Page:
SBP Cautions Banks Against Money Laundering, Terror Financing



The State Bank of Pakistan (SBP) has issued fresh instructions to banks to strengthen their vigilance system to mitigate the risk of money laundering (ML) and terrorist financing (TF) in the name of import and export activities in the country.

“Transferring value through legitimate trade transactions has become increasingly attractive avenue for money launderers (ML) and terrorist financiers (TF), as they are able to easily obscure their transactions in significant volumes of international trade and escape detection,” SBP said in ‘Framework for Managing Risks of Trade Based Money Laundering and Terrorist Financing’ on its website on Tuesday.

“The main methods by which such people (ML/TF) transfer value through legitimate trade transactions are under invoicing, over invoicing, short/over shipment, obfuscation of type of goods/services etc” it added.

The prime objective of this framework is to strengthen the trade related Anti-Money Laundering (AML)/ Combating Financing of Terrorism (CFT) regime and conserve foreign exchange, the central bank said.

The SBP asked the banks to develop detailed profiles of their clients involved in import and export businesses, including the main items they trade, trade volumes, locations of trade in overseas markets and prevailing market price of the trading products.

It also instructed the banks to adopt technology-based solutions and enhance capabilities of their staffers through regulator trainings to detect the likely money laundering and terror financing transactions through the banking channels.

What are the high-risk ML/TF transactions?

The central bank has underlined the most likely high-risk transactions which may be meant for ML/TF, including import of goods that are exempted from import-related duties; import of goods that are subject to over 25% import duties; export of goods on which export-related rebates are allowed by the government of Pakistan; where an exporter allows trade discounts to the same importer consistently by way of deduction of amount of discount from the proceeds of export bills.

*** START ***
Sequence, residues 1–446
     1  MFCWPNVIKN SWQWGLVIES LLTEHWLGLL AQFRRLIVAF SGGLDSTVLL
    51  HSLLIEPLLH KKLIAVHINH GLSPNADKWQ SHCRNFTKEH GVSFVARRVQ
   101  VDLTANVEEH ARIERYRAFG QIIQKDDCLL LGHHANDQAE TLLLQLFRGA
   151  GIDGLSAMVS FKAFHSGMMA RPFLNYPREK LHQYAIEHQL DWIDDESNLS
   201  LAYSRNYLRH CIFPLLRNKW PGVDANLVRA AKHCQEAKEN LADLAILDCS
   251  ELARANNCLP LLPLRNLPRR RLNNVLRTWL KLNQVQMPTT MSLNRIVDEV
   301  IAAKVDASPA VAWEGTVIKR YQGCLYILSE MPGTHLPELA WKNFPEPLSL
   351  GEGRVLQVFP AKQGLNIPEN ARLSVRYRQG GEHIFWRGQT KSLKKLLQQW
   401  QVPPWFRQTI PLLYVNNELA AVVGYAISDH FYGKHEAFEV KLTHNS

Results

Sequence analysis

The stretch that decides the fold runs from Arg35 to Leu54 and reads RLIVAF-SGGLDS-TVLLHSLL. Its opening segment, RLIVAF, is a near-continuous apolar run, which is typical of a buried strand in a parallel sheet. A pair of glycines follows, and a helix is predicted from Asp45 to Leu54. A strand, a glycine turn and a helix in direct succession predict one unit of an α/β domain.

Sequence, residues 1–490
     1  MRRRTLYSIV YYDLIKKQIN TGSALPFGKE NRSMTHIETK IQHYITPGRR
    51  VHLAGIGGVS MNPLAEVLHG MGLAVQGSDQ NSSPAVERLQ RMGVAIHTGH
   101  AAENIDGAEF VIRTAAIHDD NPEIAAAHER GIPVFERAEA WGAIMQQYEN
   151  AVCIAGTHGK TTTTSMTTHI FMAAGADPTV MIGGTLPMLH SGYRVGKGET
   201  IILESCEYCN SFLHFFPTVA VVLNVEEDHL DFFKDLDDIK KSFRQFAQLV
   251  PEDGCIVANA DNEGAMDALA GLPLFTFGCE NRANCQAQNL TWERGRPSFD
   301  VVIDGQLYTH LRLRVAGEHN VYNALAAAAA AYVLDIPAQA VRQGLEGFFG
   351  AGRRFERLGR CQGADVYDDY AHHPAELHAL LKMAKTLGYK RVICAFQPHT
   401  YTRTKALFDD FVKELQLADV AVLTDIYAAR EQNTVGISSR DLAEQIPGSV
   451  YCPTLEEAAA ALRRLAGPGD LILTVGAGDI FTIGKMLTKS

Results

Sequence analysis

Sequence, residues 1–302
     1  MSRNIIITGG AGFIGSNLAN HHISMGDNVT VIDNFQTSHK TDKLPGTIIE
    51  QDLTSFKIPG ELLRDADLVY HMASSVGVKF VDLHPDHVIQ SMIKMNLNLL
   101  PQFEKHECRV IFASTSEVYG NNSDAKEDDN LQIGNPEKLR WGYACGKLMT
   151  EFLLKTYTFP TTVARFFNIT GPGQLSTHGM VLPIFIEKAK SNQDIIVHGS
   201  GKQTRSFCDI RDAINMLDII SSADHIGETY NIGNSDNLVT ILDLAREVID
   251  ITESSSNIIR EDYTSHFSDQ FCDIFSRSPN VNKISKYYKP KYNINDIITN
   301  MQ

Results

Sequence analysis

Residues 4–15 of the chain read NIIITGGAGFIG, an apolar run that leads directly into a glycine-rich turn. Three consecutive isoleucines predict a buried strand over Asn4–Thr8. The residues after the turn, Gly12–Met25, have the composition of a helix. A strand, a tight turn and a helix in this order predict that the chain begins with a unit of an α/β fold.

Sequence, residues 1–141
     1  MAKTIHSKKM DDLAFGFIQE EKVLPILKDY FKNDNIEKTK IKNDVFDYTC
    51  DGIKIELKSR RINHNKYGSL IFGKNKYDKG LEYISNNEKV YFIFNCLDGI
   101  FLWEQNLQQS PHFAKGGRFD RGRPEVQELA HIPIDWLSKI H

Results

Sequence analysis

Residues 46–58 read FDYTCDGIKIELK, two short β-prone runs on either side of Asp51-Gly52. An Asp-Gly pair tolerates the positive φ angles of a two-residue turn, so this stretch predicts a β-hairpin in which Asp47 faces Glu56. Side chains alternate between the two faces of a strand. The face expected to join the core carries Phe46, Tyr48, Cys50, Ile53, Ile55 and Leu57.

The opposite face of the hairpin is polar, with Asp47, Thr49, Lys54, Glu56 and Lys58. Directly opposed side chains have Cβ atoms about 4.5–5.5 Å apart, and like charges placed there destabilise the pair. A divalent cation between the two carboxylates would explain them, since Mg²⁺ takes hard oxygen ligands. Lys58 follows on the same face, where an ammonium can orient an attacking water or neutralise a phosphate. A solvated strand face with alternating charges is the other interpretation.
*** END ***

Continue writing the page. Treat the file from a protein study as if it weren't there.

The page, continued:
Such transactions involving high risk also include outward remittance from personal foreign currency (FCY) account of the importer; unusually relaxed terms for settlement of counter value both for exports as well as imports e.g. no specific timeline for shipment of goods against exports advance payment, extended credit period for payment against import of goods especially between unrelated parties; trade transaction of sole proprietorship or partnership concern received by centralized trade processing unit from a different branch of an authorised dealer with whom their relationship is not generally associated or frequent switching of branch for trade transactions by such concerns; trade transactions with high-risk jurisdictions or jurisdictions with lax AML/CFT regulations and implementations;  import/export of free of cost goods; advance payments (import and export of goods);  new bank account opening; import/export of services and trade transactions with a related party.

“Authorized Dealers (ADs which mostly are the banks) shall allocate adequate resources to create awareness of the ML/TF risks associated with trade transactions with specific focus on typologies of TBML, common red flag indicators and the measures to mitigate trade-based money laundering (TBML) risks,” SBP said.

ADs shall undertake assessment of their existing customers on the newly issued parameters and shall complete the same latest by April 30, 2020.

Internal Audit Departments of Authorised Dealers (ADs) shall periodically review (at least once in two years) the robustness of bank’s system and controls with respect to compliance with the provisions of this framework.

“First such review shall be conducted and report thereof shall be placed before the risk management committee of the board not later than December 31, 2020.”

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